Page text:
The Book of Changes, a review

The company Mitch keeps is brilliant, arrogant January 6, 2016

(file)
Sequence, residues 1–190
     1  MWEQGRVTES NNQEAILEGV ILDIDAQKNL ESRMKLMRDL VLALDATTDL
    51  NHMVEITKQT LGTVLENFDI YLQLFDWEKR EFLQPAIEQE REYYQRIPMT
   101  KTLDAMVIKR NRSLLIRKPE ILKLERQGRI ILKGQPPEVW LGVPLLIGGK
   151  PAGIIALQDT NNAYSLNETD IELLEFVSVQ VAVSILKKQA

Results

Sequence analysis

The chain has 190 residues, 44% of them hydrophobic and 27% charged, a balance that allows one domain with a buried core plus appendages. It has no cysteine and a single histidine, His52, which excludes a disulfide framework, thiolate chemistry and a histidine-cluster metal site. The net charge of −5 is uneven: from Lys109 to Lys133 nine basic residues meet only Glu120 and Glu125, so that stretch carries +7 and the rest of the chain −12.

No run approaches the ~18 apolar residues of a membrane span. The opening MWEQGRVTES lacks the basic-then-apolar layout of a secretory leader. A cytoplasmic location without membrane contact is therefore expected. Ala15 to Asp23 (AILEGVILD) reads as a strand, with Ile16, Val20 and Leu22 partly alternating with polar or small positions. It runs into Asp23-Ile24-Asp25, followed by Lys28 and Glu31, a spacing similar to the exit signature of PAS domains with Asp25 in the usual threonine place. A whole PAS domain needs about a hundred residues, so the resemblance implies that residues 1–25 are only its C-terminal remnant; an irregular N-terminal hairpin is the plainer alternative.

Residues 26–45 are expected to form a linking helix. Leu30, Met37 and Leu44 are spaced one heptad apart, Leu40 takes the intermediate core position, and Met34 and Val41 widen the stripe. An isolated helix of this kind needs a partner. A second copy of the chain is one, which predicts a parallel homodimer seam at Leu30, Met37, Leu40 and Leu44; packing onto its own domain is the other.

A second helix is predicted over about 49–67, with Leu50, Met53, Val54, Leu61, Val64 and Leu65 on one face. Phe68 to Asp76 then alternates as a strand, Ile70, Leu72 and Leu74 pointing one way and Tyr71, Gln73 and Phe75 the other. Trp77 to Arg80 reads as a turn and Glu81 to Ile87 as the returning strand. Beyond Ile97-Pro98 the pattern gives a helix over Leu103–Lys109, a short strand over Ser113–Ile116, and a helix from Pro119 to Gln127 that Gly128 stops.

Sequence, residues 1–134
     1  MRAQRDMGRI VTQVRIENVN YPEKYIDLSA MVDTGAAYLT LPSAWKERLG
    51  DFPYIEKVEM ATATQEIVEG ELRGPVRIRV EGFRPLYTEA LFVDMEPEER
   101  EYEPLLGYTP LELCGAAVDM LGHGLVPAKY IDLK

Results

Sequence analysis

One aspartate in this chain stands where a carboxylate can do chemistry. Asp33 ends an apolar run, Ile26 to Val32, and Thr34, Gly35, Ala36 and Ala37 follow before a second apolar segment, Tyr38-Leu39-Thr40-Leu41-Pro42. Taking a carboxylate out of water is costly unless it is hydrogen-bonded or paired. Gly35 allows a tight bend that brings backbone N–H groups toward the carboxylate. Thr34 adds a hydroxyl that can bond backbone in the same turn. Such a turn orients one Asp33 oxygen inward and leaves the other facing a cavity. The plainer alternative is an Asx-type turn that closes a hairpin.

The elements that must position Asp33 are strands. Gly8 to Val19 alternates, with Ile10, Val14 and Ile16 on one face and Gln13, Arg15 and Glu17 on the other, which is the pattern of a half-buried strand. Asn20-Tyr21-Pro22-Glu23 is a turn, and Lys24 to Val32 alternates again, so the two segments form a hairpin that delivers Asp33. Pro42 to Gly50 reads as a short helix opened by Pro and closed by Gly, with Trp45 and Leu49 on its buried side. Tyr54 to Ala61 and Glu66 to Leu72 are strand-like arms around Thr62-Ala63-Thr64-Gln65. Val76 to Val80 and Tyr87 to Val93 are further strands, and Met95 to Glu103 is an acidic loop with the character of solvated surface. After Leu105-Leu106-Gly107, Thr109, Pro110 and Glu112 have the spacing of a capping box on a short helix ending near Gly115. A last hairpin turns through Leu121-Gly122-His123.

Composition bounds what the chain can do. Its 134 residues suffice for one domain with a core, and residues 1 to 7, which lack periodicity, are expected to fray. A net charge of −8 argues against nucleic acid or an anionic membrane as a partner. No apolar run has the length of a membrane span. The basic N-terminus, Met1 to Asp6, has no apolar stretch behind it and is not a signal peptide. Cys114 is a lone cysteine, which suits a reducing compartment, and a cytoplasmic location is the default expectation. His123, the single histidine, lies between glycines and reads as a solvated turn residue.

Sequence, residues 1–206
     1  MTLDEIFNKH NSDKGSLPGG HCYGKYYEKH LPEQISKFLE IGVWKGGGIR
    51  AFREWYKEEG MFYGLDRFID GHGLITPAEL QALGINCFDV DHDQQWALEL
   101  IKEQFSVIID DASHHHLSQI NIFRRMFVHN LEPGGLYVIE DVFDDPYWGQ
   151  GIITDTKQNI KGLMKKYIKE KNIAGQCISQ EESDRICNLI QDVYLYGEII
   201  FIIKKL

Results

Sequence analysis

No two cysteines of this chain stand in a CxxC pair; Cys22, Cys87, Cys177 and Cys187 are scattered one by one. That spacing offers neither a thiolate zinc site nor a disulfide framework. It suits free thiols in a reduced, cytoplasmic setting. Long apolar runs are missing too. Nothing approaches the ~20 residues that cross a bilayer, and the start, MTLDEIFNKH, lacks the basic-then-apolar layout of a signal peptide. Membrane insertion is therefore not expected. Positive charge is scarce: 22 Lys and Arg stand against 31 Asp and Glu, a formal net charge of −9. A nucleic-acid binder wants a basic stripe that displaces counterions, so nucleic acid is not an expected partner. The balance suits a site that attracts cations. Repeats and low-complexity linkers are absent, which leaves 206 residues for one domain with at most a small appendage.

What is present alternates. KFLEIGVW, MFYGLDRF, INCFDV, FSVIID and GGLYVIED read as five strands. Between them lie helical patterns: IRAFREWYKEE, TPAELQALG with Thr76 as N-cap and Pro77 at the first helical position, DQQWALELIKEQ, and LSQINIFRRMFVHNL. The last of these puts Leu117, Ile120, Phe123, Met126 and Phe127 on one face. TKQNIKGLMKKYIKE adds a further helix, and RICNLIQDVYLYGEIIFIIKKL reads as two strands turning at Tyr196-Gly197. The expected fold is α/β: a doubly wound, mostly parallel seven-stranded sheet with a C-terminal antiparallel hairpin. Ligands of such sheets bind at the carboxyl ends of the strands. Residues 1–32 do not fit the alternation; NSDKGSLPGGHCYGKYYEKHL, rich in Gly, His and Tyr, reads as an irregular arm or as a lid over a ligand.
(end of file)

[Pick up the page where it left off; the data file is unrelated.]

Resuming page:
What is born from a nine-month gestation at Cal, Berkeley? A medievalist? A poet? A biologist? What is Mitch studying? Before we hit the midpoint of Jack Remick’s The Book of Changes (Book Three of the California Quartet), the reader cannot be faulted for believing Mitch is studying how to fit the most sex into the least time. But once we pass the midpoint, the reader sees Death wants equal time, and Mitch might be studying the many ways humans meet their ends. The wonder is that Mitch stays at school after witnessing any one of those tragic/horrific deaths. Drugs, rock and roll, political protests, many fancy and familiar smokes, motorcycles, and the most erudite friends a boy could ever want also fill Mitch’s college days. The company Mitch keeps is brilliant, arrogant, scofflaw. For example, his friends write papers for their private education, over and above assignments from their classes. Mitch, “Beast,” like Eddie Iturbi of The Deification (Book One of The California Quartet), wants to be a poet. When he learns he has to bleed, in part from a cameo by Eddie, he abandons the idea. Until Eddie’s reappearance in the quartet, we can believe the story might happen—it is full of Cal campus landmarks and local street names, mentions of Grace Slick and Camel cigarettes—but Eddie brings myth in his wake. He lives in the swirl of it, so when he is on deck, magical blood-let poems materialize from his veins. The reader is reminded to shake off conventional standards–Remick shapes his novels around mythic cores. Nine months may host several life-times’ worth of experience rolled into one. A college campus may also be a medieval landscape peopled with vassals and knights. And a 9-1-1 call may be a slippery message between here and the other side.

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